Tuesday, 11 March 2014

The C word: care

Posted by Jennifer Remnant & Libby Morrison

I am a carer. I currently work on a ‘casual’ (another ‘c’ word!) basis for a mental health company. Prior to that, I worked chiefly with people with learning disabilities, and also spent some time as a PA to teenage twins with a physical impairment. Being a carer is hard work. Hard, underpaid, undervalued work. It reflects the emptiness of the rhetoric that society (and academia?) uses for service users, and the workforce that supports them. Being a support worker/care assistant/health assistant/personal assistant/care worker can be emotionally and physically draining. It involves the basics; knowledge of food preparation, hygiene and cleanliness and personal care in predominantly tiring shift patterns. If you’re going to attempt to work through Maslow’s hierarchy of needs (which I try my best to do – though it’s a mostly ideological attempt) you need to know how to keep another human being safe, how to feed them and how to keep them clean, whilst also offering service users opportunities to make real choices and where possible maintain personal autonomy, eg; ‘Would you like a piece of cake or an apple?’; ‘Would you like to be obese?’. Carers earning as little as the minimum wage are expected to make difficult and often quick decisions to support service users (often with complex needs) – when trying to balance health and safety considerations against individual choice and autonomy. 

One service user that I used to work with many years ago in a mental health service particularly tested the team I worked in; a typical exchange would be something like this:

Me - ‘Can you go to the toilet please?’

SU - ‘the toilet?’

Me - ‘yep, the toilet’

SU - ‘what for?

Me - ‘to see if you need to go’ (this person is regularly doubly incontinent )

SU - ‘what happens next?’

Me - ‘lets just take this one step at a time’

SU - ‘will I get stuck?

Me - ‘no you won’t get stuck, you didn’t get stuck last time, or the time before’

SU - ‘where do I need to go?’

Me - ‘the bathroom’,

SU - ‘the bathroom?’ (like that is the strangest thing he’s ever heard)...etc.

About 45 mins to an hour after first asking him, he might be on the toilet, he might not. He might go he might not. He might say he can’t, and then when you explained that you had other residents you needed to see and returned to the office, he might follow you there and urinate and defecate there in front of you. Or in the kitchen. Or in the corridor. Which despite not knowing either way, felt like a dirty protest – though in his defence, from macro to micro levels, there was a lot to protest about.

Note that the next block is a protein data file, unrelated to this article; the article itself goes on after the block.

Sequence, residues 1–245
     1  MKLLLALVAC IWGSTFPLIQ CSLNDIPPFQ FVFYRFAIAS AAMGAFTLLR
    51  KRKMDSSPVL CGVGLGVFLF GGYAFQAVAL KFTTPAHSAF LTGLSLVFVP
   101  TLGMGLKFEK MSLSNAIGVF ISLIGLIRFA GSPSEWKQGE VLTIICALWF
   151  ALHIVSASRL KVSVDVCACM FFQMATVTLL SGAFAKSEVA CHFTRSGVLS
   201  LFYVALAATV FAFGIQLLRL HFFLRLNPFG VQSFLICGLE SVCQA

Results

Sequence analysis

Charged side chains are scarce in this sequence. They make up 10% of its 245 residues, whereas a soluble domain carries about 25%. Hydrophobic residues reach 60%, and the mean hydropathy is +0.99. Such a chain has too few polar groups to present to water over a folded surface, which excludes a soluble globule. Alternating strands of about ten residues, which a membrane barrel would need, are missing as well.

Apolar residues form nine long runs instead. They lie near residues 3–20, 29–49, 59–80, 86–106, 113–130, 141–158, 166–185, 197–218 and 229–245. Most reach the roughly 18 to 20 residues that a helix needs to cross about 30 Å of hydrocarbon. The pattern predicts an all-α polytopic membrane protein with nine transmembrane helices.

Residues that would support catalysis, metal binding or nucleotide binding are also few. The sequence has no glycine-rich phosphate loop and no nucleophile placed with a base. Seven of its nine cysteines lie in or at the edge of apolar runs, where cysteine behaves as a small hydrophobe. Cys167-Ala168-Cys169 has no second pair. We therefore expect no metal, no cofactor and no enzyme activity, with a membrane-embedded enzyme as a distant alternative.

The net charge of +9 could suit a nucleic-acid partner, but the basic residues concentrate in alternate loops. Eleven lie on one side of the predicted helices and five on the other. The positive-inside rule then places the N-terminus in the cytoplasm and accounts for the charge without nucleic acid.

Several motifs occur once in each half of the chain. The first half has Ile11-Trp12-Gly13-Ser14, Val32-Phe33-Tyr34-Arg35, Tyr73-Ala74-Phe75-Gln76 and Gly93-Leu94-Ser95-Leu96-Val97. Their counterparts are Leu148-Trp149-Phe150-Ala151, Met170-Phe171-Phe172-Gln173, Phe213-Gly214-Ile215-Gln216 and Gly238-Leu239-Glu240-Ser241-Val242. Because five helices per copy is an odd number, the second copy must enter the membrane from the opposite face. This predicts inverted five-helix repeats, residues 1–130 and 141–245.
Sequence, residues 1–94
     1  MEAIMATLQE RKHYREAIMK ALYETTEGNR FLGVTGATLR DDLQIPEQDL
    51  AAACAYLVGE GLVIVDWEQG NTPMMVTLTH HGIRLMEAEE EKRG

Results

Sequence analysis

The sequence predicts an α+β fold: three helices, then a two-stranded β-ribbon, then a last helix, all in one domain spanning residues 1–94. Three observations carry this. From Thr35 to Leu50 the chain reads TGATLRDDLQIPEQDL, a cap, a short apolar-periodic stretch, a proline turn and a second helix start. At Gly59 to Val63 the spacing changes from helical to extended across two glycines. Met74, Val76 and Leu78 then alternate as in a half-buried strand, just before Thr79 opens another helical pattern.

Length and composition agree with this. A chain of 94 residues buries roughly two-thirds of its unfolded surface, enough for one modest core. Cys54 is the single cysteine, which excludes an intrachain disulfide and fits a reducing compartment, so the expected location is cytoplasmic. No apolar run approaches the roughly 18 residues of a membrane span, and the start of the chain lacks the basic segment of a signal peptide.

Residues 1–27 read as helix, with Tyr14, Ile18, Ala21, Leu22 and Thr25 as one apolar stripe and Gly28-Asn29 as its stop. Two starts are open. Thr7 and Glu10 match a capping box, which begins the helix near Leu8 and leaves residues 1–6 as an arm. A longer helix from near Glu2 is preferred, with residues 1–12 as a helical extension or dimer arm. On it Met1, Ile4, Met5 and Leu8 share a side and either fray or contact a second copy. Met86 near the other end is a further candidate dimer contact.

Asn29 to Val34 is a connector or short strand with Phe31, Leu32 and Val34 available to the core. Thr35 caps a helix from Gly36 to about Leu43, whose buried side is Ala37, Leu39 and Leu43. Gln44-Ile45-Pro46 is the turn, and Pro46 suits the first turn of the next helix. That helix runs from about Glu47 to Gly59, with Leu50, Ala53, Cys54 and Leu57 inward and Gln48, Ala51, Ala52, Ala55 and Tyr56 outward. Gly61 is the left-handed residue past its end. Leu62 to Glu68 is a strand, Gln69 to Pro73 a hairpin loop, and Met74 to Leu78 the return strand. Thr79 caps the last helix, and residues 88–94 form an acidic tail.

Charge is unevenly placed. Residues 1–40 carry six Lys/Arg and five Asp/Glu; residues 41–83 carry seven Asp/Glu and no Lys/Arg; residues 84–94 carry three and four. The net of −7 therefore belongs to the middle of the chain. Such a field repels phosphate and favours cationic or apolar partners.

He moved very slowly a lot of the time, but could also be impressively speedy. His level of understanding was very good, and so was his memory. He liked to talk about sexual violence, especially if it was a locally publicised crime, because then he could discuss with female workers the safety of their chosen route home. He worried about whether staff liked him, and asked them directly. He asked staff if they were his friends. He sometimes called the emergency services in the middle of the night because he woke up terrified that he was going to die. He has been exploited financially throughout his adult life. He was unique. He was witty, funny and thoughtful.

It was harder still to work with this service user when I found out that he regularly found the energy and time to hop into a taxi, travel down to a local brothel and pay for the company of young women. He had a preference for eastern European women. In a painful irony, many of the women service users I work with, especially with the current welfare reforms, have, or do, prostitute themselves.

This man was only one of ten residents in the mental health service he lived in. He started with 24 hour support, but as the money drip-dripped away, so did his support. The team that work with him have not had a pay rise in 4 years because they are not NHS staff.

I think for this example in particular the welfare state and its provisions are an interesting fit. I don’t even know how the staff that work with him now are going to begin to approach the ESA50 form when it comes, or the distress it will cause. In the last 6 months (in a different support role) I have supported various people to fill out ESA50 forms, and despite being as sure as I could be that all would go straight into the support group, the wait was unbearable. All of them smoked, and all of them increased their cigarette intake at this time. A number had to go to the doctors and have their anti-anxiety medication increased and those that drank reported drinking more.

Doing this job highlights the stark difference between the rhetoric at the top and the reality at the bottom. Nothing is packaged up smartly and neatly like some legislation would suggest that it is.

It also forces me to ask big ideological questions about what I’m even doing in a university – and what I want ‘impact’ to mean in terms of research.


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